“Don’t worry about Gleason 3+3=6 (Grade Group 1)! It’s harmless! We shouldn’t even call it cancer! In fact, let’s call it IDLE (indolent lesion of epithelial origin)!”
Many patients have heard reassurances like these, and yes, if you have to have prostate cancer, Gleason 6 is the best kind to have.
But wait: Let’s not call it “not cancer,” says Johns Hopkins urologic pathologist Jonathan Epstein, M.D. “There are some very good reasons to keep the cancer designation for Grade Group 1.” Epstein should know; he is the originator of the Grade Group system of prostate cancer grading, a system that has been adopted worldwide.
“Under the microscope,” he explains, “Grade Group 1 [Gleason 6] cancer has some of the same behaviors as higher-grade cancer.” Even though it is not aggressive, it can still “invade nerves, go out of the prostate, and rarely, can invade the seminal vesicles. Molecularly, it has many of the hallmarks associated with higher-grade cancer, and has certain features that you do not see in benign prostate glands.”
So why are some doctors downplaying Gleason 6 cancer? The thinking here, Epstein explains, is that “if you remove the cancer label, it could reduce unnecessary treatment of low-grade disease,” and ease the uncertainty for men on active surveillance living with a cancer diagnosis. For some men, this is very stressful: “In the Johns Hopkins active surveillance program, 8 percent of men undergo definitive therapy – even though they still qualify for active surveillance.” They just don’t want a cancer diagnosis hanging over their heads.
Another problem: approximately 20-35 percent of men who are diagnosed with Gleason 6 cancer who have a prostatectomy actually turn out to have higher-grade cancer in their prostate. “It was just missed during the biopsy. Each biopsy needle samples 1/10,000th of the prostate. Even with 14 to 16 cores, you’re still sampling only a tiny fraction of what’s there,” says Epstein. “If we had a crystal ball or could look at the prostate with some other imaging or molecular test, and see that all a patient had was pure Gleason 6, I would feel more comfortable saying we should potentially change the name.”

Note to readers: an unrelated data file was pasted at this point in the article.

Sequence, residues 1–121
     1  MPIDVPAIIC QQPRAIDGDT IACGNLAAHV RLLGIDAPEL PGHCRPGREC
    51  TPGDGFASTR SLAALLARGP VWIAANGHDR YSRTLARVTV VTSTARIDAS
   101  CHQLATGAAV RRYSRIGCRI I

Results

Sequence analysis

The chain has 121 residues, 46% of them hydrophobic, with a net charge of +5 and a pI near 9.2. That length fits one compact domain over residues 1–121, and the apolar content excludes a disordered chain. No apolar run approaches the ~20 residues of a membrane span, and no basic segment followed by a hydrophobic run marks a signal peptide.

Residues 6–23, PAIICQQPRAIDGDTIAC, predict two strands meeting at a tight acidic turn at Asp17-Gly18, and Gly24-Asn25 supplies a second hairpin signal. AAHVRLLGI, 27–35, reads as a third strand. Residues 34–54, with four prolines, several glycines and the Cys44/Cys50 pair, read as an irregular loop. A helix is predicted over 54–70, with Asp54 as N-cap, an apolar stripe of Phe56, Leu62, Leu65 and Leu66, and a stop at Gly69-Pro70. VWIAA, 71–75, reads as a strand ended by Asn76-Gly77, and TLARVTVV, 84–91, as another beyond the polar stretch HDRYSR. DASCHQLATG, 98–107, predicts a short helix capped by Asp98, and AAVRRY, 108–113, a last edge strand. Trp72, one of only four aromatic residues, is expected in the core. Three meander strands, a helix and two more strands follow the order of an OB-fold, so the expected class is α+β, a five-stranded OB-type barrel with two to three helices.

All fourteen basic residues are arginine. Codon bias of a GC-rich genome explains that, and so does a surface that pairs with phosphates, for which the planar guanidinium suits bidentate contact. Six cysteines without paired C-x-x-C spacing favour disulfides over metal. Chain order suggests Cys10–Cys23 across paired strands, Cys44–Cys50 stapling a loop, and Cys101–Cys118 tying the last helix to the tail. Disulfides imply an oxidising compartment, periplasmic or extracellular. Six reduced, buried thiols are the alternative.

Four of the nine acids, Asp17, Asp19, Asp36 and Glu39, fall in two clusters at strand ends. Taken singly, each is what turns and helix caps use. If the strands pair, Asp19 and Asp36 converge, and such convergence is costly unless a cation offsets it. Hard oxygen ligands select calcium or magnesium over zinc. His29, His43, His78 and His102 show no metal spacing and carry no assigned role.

Epstein worries that if men believe they don’t have cancer, they won’t feel a strong need to get regular follow-up monitoring. “If you tell a man that he doesn’t have cancer, yet you’re telling him you want to see him every year and get a repeat biopsy multiple times, he may think, ‘It’s not cancer, so why do I have to keep coming back? I’m fine!’” And then, if he stops regular follow-up monitoring, “potentially, his cancer could progress and that would be missed.” One more thing, Epstein warns: “The excellent prognosis of treated Grade Group 1 [Gleason 6] cancer is not the same if it is called noncancer and is not treated.”
Finally, a name change may not even be that meaningful today, Epstein continues. “Grade Group 1 is more intuitive to patients as lowest-grade cancer. With greater acceptance of active surveillance, patients are understanding that not all cancers are the same, that not everyone needs treatment right away – or ever – and that low-grade cancer can be followed carefully and safely.”